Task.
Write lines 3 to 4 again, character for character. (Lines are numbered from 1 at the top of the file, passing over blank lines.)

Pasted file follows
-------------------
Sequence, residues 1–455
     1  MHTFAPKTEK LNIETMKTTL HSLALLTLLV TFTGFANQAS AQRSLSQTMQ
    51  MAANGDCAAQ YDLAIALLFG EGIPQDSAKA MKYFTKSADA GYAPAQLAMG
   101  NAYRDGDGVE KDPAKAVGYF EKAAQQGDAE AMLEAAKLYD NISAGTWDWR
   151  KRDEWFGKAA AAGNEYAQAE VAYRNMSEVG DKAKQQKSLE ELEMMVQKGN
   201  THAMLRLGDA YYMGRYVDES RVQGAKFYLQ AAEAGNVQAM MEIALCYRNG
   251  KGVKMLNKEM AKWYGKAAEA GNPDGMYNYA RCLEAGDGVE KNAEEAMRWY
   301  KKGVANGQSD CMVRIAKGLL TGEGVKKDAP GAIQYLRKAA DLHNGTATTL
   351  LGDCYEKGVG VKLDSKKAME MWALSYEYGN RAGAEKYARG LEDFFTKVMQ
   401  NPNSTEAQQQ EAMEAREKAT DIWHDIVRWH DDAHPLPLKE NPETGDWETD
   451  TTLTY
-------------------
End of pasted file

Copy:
    51  MAANGDCAAQ YDLAIALLFG EGIPQDSAKA MKYFTKSADA GYAPAQLAMG
   101  NAYRDGDGVE KDPAKAVGYF EKAAQQGDAE AMLEAAKLYD NISAGTWDWR